HALF a million kids could be banned from school if parents refuse to give them the measles jab, the health secretary has warned.
Matt Hancock said he is “particularly worried” about vaccination scare stories spread on the likes of Facebook and YouTube.
AFP or licensors Health secretary Matthew Hancock warned today kids could be banned from schools if they haven’t had the MMR jab – amid a rise in measles
Social media ‘must do more to stop anti-vaxx lies’
And he revealed he will meet social media firms on Monday to demand they “do more to take down lies” promoted on their sites.
Health chiefs have warned the fake posts are putting mums and dads off giving their children the potentially lifesaving jab.
In 1998 Dr Andrew Wakefield claimed there was a link between the measles, mumps and rubella (MMR) vaccine and autism.
His research has been discredited and he has been struck off in the UK.
Subsequent studies have found no link but people still spread fake scare stories.
500,000 Brit kids at risk of measles
Hancock issued his warning after Unicef revealed more than half a million UK kids have not had their MMR jab.
Cases of deadly measles virus have increased almost four-fold in England over the past year following a fall in uptake.
Unicef says more kids are left unprotected against the virus and revealed “fear or scepticism about vaccines” is behind some of the fall.
Mr Hancock told the BBC Radio 4 today programme: “I’m not relaxed about this at all.
“One of the things I am particularly worried about is the spread of anti-vaccination messages online.
“I have called in the social media companies, like we had to with self-harming images a few months ago.
“I’m seeing them on Monday to require that they do more to take down lies that are promoted on social media about the impact of vaccination.
“Vaccination is safe, it’s very, very important for the public health – for everybody’s health – and we’re going to tackle it.”
‘I won’t rule out school ban’
Asked on Talk Radio if children should be banned from school unless they are vaccinated, he said: “I wouldn’t rule out anything, but I don’t think we’re there yet.”
Children should have two doses of the jab to be protected, with the World Health Organisation setting a target of 95 per cent coverage.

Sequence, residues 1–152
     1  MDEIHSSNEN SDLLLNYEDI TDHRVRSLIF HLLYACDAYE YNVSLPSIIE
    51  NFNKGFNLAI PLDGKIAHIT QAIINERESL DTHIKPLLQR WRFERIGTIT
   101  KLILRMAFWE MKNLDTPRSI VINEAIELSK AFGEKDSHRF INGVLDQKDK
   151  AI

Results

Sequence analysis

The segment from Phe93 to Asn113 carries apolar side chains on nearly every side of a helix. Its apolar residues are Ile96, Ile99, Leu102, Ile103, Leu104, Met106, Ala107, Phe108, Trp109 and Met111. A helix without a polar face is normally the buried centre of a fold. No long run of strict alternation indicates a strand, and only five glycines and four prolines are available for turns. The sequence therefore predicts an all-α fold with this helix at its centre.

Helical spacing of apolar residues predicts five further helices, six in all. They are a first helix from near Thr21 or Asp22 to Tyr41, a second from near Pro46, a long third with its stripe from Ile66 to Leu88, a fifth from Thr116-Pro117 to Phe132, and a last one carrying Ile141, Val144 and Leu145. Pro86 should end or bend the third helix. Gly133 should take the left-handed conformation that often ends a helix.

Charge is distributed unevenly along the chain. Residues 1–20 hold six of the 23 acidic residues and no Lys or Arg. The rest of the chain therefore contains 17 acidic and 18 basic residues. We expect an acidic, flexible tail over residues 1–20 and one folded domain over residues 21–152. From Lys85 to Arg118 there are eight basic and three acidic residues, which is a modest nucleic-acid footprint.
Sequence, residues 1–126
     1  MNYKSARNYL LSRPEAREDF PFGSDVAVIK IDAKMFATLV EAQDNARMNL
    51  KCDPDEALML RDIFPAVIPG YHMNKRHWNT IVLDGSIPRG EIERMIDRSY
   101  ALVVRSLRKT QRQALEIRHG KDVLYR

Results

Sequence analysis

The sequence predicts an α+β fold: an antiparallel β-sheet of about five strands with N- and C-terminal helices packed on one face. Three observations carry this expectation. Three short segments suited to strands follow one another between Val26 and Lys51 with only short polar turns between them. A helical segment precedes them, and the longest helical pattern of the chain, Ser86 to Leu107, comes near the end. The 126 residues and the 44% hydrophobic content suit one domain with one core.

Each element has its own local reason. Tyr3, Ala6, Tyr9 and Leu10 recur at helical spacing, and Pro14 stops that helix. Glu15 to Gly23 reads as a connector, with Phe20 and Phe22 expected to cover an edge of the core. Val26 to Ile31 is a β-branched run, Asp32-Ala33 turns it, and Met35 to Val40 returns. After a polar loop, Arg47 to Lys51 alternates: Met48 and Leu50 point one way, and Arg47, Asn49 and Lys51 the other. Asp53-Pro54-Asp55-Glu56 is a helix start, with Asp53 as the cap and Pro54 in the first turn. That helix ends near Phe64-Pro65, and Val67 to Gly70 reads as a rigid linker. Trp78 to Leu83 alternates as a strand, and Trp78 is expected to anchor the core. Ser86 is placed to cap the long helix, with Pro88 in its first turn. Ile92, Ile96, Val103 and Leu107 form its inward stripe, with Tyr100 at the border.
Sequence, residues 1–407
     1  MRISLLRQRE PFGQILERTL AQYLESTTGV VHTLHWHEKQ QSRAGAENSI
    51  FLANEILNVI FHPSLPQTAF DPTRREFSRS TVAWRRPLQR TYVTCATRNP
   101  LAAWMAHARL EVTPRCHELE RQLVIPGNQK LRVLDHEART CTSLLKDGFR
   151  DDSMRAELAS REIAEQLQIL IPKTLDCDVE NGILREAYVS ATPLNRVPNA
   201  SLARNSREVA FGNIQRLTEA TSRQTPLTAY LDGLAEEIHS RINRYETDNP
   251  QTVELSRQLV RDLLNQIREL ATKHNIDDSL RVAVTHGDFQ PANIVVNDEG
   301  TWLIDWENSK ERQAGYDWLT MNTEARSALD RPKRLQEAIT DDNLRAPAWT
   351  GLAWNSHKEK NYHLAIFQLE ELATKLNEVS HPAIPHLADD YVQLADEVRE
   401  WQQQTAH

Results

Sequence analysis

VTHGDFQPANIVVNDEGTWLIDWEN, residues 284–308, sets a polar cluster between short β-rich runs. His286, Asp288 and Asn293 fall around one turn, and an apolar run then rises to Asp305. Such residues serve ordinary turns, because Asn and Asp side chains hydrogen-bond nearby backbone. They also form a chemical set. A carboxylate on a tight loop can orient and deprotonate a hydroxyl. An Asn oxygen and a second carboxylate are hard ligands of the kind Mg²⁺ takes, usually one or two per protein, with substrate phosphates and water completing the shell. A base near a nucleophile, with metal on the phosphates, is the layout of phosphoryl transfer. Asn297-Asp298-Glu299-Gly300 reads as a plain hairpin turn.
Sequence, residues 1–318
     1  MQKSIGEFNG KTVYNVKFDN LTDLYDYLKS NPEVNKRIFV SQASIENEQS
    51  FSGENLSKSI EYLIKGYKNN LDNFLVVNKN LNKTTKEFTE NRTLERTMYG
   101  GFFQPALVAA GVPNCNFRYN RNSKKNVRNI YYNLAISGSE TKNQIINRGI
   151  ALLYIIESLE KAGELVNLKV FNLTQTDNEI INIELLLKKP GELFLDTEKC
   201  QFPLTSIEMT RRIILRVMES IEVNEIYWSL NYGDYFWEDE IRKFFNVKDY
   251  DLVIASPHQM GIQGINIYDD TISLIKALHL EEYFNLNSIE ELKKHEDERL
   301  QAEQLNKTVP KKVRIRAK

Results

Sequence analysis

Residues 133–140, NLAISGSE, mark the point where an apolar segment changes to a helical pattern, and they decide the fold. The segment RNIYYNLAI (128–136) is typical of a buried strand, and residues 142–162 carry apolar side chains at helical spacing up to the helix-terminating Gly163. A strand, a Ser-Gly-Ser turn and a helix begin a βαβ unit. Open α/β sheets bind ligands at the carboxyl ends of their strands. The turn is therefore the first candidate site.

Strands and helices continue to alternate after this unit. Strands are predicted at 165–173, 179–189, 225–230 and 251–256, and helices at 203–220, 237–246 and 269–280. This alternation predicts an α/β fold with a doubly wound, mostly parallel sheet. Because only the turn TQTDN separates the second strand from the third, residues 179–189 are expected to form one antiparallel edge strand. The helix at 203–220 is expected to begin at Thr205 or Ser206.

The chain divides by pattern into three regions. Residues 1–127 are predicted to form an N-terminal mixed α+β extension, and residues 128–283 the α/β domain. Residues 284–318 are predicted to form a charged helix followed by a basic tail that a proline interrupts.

Unicef estimate 169million children worldwide missed the first dose of the measles jab between 2010 and 2017, with 527,000 in the UK.
Uptake of both jabs by the age of five has fallen in England for four years in a row, from 88.6 per cent in 2014-15 to 87.2 per cent in 2017-18.
There were 259 measles cases in England in 2017, rising to 966 in 2018.
Public health ‘timebomb’, NHS boss warns
NHS boss Simon Stevens has warned of a “public health timebomb”. And he called on social media firms to adopt a “zero tolerance” approach to the fake posts.
But Dr Mary Ramsay, head of immunisation at Public Health England, said: “It’s not quite as bad as it seems.”
She added: “The numbers from Unicef that talk about 500,000 are an exaggeration slightly because they have used the coverage we measure at two years.
“And we know a lot of children don’t get the vaccine on time and get it a little bit later, and so by five years coverage is higher.
“We are always worried about children not being vaccinated and we are always doing as much as we can to get children up to date.
What are measles and what are the symptoms and can you get the disease if you’ve had the MMR vaccine?Measles is a highly contagious viral illness that can be prevented by taking the MMR vaccine.
Because of the medical injection available, cases are relatively uncommon. But instances can spike rapidly if an outbreak occurs.
While the infectious condition often clears up in under two weeks, it can sometimes lead to life-threatening complications.
Although measles can affect people of any age, and we have seen outbreaks among university students, it is most common in young children.
Public Health England has confirmed the UK has seen a rise in cases in 2018, with 643 confirmed cases of measles so far this year, compared to just 267 for the whole of 2017.
Health experts have said it is part of a rise in cases across Europe.
The illness is highly contagious and is easily spread from person to person.
Viruses can be expelled when an infected person coughs or sneezing.
In rare cases, measles can be fatal.
If you suspect you or one of your family members is infected, notify your GP to arrange an appointment.
Approximately 10 days after the illness is contracted, signs become noticeable.
The NHS outlines the initial symptoms of measles…
cold-like symptoms, such as a runny nose, sneezing, and a cough
sore, red eyes that may be sensitive to light
a high temperature (fever), which may reach around 40C (104F)
small greyish-white spots on the inside of the cheeks
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“Confidence in vaccination, our studies show, is at an all-time high. Concerns about MMR have fallen dramatically from ten to twenty years ago.
“And there is only a very small proportion of parents who refuse to take one or more vaccines.“There is stuff on social media that might persuade people not to vaccinate.
“Our work suggests that actually the public are quite sceptical about what they see on social media and actually they do trust the health professionals.”
A Government spokesman told The Sun: “We ask schools to check what immunisations a child has had when they join a school but our guidance clearly states that schools cannot refuse admission or exclude a pupil because they have not been immunised.”
Earlier this year it emerged measles cases have hit a decade high across the UK and Europe, as anti-vaxers “scare parents” off having their kids vaccinated.
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